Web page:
Désolé, il est absent. I’m sorry, he’s out.

Je me suis trompé de numéro. I have got the wrong number

Pouvez-vous parler moins vite ? Could you speak more slowly?

Désolé, il est en réunion. I’m sorry, he is in a meeting.

On reste en contact. We keep in touch

Pouvez-vous épeler votre nom ? Could you spell your name?

Désolé, il est en ligne. I’m sorry, he is on the phone.

Merci de votre appel. Thank you for calling

APPELER UNE ADMISTRATION / CALL AN ADMINISTRATION l’opérateur (m) / l’opératrice (f) the operator une touche de téléphone a phone key

Taper dièse (#) pour accéder au service. Dial hash key (#) to access the service. Taper étoile (*) pour confirmer. Dial star (*) to confirm. Taper 1 pour… Dial 1 for…. Taper 2 pour…… Dial 2 for…..

Faire un mauvais numéro (verb) to dial a wrong number

AU RÉPONDEUR / ON THE ANSWERING MACHINE « Bonjour, vous êtes bien au 05 49 84 17 73. Nous sommes absents pour le moment, mais laissez-nous un message et vos coordonnées après le signal sonore. Nous vous rappellerons dès que possible. Merci, à bientôt. »

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language & advice

Let ’s learn together

“ Hello, you’ve reached 05 49 84 17 73. We are away at the moment, but leave us a message and your details after the beep. We’ll call you back as soon as possible. Thank you. Speak to you soon.”

« Bonjour, je voudrais laisser un message à Isabelle. Je suis David Brown. Je voudrais avoir des

informations sur les cours de français. Pouvez-vous me rappeler sur mon mobile, au 06 10 11 12 13 ? Merci. Au revoir. » "Hello, I would like to leave a message for Isabelle. I am David Brown. I would like some information on French lessons. Could you call me back on my mobile on 06 10 11 12 13? Thank you. Goodbye.”

FRENCH LESSONS FOR FREE with experienced French teachers

Contact Alain 05 55 32 14 76 / 06 37 76 54 98 Siret: 824417364 00018

To contact someone, one can also send a text message (= an SMS).


(if eligible)

Groups - Private tutoring - E-learning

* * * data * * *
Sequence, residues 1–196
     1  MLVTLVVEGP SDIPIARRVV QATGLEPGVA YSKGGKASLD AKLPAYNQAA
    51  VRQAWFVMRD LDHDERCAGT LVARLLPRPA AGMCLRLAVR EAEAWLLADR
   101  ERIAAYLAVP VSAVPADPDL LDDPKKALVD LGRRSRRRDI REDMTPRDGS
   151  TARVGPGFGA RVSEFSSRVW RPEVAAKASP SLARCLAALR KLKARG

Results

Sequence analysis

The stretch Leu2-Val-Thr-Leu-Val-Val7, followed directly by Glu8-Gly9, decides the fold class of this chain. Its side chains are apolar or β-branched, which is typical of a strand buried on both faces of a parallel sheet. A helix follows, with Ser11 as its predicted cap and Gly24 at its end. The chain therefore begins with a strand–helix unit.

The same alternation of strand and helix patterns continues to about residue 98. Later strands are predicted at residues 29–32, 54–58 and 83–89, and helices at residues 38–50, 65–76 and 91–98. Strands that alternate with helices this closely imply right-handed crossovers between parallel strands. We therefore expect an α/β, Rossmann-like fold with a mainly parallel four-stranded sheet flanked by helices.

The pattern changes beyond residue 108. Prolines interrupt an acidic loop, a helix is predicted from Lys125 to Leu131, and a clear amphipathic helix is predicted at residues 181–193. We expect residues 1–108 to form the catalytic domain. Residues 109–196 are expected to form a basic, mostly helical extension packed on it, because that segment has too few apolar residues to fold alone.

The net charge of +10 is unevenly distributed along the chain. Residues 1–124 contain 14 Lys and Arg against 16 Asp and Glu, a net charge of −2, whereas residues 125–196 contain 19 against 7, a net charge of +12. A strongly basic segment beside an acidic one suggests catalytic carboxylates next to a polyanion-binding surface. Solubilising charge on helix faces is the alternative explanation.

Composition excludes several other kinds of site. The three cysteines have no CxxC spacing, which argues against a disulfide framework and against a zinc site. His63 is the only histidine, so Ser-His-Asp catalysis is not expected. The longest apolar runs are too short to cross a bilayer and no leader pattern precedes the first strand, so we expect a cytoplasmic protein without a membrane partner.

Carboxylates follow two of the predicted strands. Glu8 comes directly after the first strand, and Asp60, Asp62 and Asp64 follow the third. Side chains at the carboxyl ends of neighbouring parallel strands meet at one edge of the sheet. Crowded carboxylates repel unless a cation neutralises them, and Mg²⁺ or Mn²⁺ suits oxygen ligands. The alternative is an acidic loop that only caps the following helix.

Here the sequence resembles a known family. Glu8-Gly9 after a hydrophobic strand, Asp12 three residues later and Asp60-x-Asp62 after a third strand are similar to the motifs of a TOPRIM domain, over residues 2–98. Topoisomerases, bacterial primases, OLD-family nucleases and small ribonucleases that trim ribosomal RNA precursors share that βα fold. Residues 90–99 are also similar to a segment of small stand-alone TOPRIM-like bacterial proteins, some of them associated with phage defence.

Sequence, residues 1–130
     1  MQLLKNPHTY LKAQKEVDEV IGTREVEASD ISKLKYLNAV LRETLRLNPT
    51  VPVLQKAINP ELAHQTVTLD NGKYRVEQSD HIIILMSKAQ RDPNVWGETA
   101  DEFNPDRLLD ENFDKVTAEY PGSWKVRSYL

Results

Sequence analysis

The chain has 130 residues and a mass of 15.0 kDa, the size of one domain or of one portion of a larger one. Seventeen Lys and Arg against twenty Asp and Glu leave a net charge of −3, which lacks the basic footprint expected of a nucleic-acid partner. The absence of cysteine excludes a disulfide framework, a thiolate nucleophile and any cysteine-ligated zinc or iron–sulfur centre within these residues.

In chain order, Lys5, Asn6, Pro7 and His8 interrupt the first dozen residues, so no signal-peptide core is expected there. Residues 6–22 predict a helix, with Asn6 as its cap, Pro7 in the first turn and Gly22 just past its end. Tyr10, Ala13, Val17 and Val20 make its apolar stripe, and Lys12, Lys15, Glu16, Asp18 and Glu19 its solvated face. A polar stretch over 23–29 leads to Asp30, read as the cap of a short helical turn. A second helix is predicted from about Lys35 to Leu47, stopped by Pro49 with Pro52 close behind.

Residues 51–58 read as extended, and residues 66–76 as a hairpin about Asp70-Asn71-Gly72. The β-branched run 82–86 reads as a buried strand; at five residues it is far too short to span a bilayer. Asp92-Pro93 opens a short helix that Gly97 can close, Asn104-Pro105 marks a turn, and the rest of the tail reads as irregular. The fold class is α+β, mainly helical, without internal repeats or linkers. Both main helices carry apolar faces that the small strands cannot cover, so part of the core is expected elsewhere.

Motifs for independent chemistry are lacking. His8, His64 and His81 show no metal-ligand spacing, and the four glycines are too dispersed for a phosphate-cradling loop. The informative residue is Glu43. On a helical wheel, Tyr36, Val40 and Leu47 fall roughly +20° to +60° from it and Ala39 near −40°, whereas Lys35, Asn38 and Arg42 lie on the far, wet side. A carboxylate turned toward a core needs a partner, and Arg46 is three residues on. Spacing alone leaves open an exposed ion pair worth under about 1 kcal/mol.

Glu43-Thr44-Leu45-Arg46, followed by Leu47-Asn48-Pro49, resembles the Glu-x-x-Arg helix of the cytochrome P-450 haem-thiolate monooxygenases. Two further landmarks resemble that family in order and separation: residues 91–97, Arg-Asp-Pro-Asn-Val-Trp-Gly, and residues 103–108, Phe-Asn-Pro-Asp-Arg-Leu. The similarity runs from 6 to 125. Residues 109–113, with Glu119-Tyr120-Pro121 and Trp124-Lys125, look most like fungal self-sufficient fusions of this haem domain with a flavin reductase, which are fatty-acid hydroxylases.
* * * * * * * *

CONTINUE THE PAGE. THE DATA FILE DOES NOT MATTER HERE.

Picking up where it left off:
Pour joindre quelqu’un, on peut aussi envoyer un texto (= un SMS).

In Champagnac la Rivière (87150) Every Monday & Tuesday With Sandrine Durand 05 55 78 16 21 / 06 83 07 66 98 Siret: 488 296 450 00015

Comprehensive administration, translation and support services for English-speaking people in France…to make life easier. Call Jenny 06 79 85 58 84 Mail: Siret 504 587 924 00011

● Assistance with all admin needs ● Professional efficient & confidential service ● Competitive rates with flexible & friendly support Remy Hickman-Reed 06 37 76 56 51

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Why Should You Complete a Tax Return in France 11 Good Reasons to Do It!


ll persons living in France must complete an income tax return. All income is to be declared even if you have paid tax on it in the UK or abroad. If you live in France for six months or more of the year or your main assets are here or you have your principal residency here, you are seen as a French tax resident. You are therefore liable to complete an annual self assessment return in France. You must declare all your income, whether earned in France or abroad or taxable in France or abroad. I encourage clients to complete a tax return even if they have been living in France for less than 6 months in 2020 for the following number of reasons: 1.

Tax in France is less – Generally compared with the amount of income tax paid in the UK, you win here. Also the French tax authorities evaluate the income for a short period as if it was a whole year, so you are in a win/win situation

2. Tax residency – it is important to define residency as rapidly as possible, so that the French tax authorities know who you are and what your family situation is. 3. Brexit – One of the ways to prove residency, income and the number of years is through the completion of your personal tax assessment and the production of the avis d’impôt sur le revenue

4. Tax rebates - if you are taxed here you can reclaim tax paid in the UK on the period 2019/2020 and 2020/2021. 5. Tax exemption - You can apply for tax exemption on income not to be taxed in the UK. This can be interesting where for example you have UK rental income, it means that the whole of your tax allowance can be moved on to this income and reduce your UK tax bill 6. Taxe d’habitation –your income and family situation are used to calculate the amount to pay in taxe d’habitation. This information is collated from the declaration de revenus form. If you are a couple and have a fiscal income in 2020 of less than 44125 euros or are single and have a fiscal income less than 27706 euros, you will not pay taxe d’habitation on your home. If you don’t complete a tax return, then they will apply the highest rate of taxe d’habitation. 7. TV licence – if you do not have a TV, you indicate this on the declaration form. If you have a low income and are over 70, you don’t pay a TV licence. If you don’t complete the declaration, the tax authorities can’t apply any exemptions. 8. Tax credits on home improvements – If you have made improvements to your home to make it more energy efficient then you can in certain cases reclaim 30% of the material cost and